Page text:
Vice mayor and 22-year incumbent Linda Maio was re-elected to City Council to represent District 1, defending her seat against challengers Alejandro Soto-Vigil, a rent board commissioner, and Merrilie Mitchell, an activist and gardener.
Maio garnered approximately 56 percent of the votes with about 83 percent of precincts reporting as of press time. Soto-Vigil took about 39 percent of the vote, and Mitchell took 4.7 percent.
“The voters in Berkeley have been absolutely fabulous,” Maio said. “I’m very proud of them.”
District 1 encompasses the area in West Berkeley from Martin Luther King Jr. Way to the waterfront, extending north just past Gilman Street and bounded in the south by University Avenue. The area is home to Pacific Steel Casting Company and Berkeley Asphalt, the latter of which has been the source of noise and odor complaints over the years.
Maio, who was endorsed by the Sierra Club, points to her environmental efforts as her greatest accomplishments on council. Maio’s office recently negotiated changes expected to reduce in odor emissions from Berkeley Asphalt by 30 to 50 percent in response to resident complaints.
In addition to her re-election to the District 1 council seat, Maio was pleased with the passage of Measure D, which was a “soda tax,” and Measure P, a tax to support parks.
“Tonight exceeded my wildest imaginations of what we could accomplish here,” Maio said.
With her renewed term on City Council, Maio plans to ensure “excellent implementation” of Measure D, pursue mental health reform and continue current efforts to prevent the shipments of crude oil from passing through Bay Area cities, including Berkeley, due to the risk of oil spills in residential areas.
Maio has served on council since 1992, longer than any other current council member. She is included in the “council majority” comprising Mayor Tom Bates and Councilmembers Darryl Moore, Laurie Capitelli, Gordon Wozniak and Susan Wengraf, who all endorsed Maio’s campaign.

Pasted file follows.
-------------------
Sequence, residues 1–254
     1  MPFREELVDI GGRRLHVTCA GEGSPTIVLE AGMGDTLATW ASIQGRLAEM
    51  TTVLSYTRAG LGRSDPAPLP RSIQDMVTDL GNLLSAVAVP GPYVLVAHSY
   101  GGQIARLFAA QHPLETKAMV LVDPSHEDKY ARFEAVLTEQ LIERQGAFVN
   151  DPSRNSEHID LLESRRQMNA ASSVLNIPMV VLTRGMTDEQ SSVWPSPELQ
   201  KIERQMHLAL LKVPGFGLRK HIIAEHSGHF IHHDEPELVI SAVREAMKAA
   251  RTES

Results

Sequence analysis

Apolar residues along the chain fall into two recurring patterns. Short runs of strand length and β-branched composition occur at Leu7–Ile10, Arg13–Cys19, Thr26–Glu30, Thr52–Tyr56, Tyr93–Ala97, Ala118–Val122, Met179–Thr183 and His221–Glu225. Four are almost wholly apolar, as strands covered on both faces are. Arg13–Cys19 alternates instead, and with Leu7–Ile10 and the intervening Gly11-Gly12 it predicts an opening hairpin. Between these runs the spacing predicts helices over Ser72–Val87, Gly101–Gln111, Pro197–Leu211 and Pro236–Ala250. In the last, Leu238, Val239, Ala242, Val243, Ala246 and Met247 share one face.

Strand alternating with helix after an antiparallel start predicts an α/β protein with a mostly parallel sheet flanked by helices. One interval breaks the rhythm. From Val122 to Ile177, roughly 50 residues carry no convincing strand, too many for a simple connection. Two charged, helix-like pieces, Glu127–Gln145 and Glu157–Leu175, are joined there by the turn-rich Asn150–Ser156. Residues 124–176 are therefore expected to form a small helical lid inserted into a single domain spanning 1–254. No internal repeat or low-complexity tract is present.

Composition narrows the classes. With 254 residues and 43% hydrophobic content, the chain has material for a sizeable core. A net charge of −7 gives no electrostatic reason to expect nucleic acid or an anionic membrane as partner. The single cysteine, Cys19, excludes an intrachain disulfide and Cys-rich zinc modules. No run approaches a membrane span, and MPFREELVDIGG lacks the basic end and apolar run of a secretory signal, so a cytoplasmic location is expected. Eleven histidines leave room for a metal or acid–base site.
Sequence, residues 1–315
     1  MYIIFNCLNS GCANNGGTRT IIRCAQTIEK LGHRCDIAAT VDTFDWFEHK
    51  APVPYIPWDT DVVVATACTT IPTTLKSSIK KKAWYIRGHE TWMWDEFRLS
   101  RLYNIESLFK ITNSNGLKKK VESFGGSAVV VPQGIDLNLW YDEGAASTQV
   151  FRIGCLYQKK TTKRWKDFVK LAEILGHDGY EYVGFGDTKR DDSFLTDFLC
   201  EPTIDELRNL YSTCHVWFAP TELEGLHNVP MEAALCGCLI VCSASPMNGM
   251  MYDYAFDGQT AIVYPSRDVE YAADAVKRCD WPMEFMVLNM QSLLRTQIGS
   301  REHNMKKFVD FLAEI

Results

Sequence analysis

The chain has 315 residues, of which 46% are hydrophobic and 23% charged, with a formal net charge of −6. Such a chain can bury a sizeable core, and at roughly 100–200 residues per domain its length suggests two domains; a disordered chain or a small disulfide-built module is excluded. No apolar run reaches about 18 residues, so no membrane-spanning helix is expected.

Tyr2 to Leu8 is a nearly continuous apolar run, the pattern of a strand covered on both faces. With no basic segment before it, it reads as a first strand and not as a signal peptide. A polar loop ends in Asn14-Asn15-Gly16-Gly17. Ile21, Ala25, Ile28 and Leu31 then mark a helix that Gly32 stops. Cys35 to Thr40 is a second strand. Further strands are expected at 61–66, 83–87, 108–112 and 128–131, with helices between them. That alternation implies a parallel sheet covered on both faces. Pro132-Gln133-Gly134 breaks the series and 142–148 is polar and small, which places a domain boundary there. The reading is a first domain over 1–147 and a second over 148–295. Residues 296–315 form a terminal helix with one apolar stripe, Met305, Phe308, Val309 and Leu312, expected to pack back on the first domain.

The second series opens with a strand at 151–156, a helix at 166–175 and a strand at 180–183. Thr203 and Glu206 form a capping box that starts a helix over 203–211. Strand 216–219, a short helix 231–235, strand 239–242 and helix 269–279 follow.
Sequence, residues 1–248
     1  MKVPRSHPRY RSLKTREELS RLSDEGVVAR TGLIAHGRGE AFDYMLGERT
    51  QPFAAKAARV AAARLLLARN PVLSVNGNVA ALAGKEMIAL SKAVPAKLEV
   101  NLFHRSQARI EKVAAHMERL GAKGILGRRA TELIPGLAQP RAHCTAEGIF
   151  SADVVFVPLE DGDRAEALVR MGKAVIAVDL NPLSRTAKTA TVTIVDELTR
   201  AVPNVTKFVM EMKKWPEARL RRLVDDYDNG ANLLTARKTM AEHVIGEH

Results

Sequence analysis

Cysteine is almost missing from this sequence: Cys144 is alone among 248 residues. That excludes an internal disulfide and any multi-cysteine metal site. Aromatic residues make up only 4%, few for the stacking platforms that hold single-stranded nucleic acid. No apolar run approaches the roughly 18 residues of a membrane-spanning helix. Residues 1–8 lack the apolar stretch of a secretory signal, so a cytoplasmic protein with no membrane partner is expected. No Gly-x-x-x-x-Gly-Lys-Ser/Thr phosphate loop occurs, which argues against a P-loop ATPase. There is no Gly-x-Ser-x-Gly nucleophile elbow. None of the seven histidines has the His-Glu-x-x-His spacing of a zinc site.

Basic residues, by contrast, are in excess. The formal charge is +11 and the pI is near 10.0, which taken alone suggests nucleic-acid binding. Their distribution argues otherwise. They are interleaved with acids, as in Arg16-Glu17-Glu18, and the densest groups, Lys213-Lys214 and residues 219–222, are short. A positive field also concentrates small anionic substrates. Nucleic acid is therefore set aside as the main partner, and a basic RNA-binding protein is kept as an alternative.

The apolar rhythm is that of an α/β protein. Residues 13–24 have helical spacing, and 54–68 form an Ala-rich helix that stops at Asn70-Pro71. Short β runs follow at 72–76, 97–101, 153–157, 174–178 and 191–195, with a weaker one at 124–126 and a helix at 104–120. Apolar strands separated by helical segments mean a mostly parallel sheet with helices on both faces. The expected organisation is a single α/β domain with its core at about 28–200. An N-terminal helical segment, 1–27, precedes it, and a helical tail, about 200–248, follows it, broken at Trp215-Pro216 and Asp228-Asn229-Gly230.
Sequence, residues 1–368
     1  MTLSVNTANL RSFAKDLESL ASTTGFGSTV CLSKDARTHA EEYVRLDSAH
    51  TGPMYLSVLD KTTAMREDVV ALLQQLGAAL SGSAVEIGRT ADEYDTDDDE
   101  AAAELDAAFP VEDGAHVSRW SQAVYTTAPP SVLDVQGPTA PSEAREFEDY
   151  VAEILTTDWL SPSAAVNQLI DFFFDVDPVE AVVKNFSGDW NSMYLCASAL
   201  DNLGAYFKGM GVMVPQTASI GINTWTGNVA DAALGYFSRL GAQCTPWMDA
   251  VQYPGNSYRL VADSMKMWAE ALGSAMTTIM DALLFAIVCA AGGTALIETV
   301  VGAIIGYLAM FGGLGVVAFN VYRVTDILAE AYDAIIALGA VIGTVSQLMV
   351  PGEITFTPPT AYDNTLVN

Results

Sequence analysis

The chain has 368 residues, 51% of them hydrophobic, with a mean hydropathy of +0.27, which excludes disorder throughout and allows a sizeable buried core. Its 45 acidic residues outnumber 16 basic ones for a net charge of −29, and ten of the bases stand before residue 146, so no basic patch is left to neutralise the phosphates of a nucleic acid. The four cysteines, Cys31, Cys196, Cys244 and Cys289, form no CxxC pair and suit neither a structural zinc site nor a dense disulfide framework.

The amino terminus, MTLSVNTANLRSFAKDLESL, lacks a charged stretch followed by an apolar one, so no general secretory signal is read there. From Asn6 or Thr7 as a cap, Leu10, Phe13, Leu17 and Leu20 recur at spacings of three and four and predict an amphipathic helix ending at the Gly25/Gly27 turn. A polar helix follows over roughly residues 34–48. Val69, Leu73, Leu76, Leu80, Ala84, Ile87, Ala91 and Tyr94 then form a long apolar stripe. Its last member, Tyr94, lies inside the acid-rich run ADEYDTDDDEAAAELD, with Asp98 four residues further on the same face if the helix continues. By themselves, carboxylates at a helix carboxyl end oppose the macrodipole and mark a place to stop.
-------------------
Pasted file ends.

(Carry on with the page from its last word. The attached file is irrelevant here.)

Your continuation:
Soto-Vigil and Mitchell had hoped to bring more progressive voices to the council, and both have a history of disputing the current council’s rulings. Both have been critical of the mayor and those who frequently concur with him, as well as the council’s current direction.
“I may have lost the electoral race,” Soto-Vigil said, “but District 1 lost in leadership.”
Soto-Vigil, 35, said he would have represented a new demographic on the council, whose current members either have adult children or no children. He has worked as a legislative aide for City Council and has served on several public entities.
Soto-Vigil said he will continue in his position as a rent board commissioner and will be able to spend more time with his children. Through his campaign, he was able to discover the diversity of issues among his constituents and has now set a goal to work on those issues, he said.
Mitchell, a longtime community advocate, also ran for the District 1 seat in 2010 and 2006, receiving about 8 percent and 23 percent of the vote, respectively. She could not be reached for comment.
Maio raised $21,109 in monetary contributions, and Soto-Vigil raised $11,515, according to the most recent campaign contribution disclosure documents. Mitchell is not obligated to report her contributions because she raised less than $1,000.
The next time Maio’s seat will be up for re-election will be in 2018.